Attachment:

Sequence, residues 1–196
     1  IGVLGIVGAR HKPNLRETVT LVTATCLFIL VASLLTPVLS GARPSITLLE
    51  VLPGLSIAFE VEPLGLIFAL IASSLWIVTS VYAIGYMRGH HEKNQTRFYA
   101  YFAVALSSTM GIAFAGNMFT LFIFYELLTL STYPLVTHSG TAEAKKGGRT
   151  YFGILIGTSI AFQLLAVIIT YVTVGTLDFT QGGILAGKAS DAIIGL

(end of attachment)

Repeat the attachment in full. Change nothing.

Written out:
Sequence, residues 1–196
     1  IGVLGIVGAR HKPNLRETVT LVTATCLFIL VASLLTPVLS GARPSITLLE
    51  VLPGLSIAFE VEPLGLIFAL IASSLWIVTS VYAIGYMRGH HEKNQTRFYA
   101  YFAVALSSTM GIAFAGNMFT LFIFYELLTL STYPLVTHSG TAEAKKGGRT
   151  YFGILIGTSI AFQLLAVIIT YVTVGTLDFT QGGILAGKAS DAIIGL